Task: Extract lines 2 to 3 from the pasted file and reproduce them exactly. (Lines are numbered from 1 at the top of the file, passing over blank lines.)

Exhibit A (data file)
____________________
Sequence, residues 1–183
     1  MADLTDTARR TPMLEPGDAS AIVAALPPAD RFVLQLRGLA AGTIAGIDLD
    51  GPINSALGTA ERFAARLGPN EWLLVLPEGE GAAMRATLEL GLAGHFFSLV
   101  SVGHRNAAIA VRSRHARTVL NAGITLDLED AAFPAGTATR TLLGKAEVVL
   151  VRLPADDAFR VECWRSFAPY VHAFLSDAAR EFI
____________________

     1  MADLTDTARR TPMLEPGDAS AIVAALPPAD RFVLQLRGLA AGTIAGIDLD
    51  GPINSALGTA ERFAARLGPN EWLLVLPEGE GAAMRATLEL GLAGHFFSLV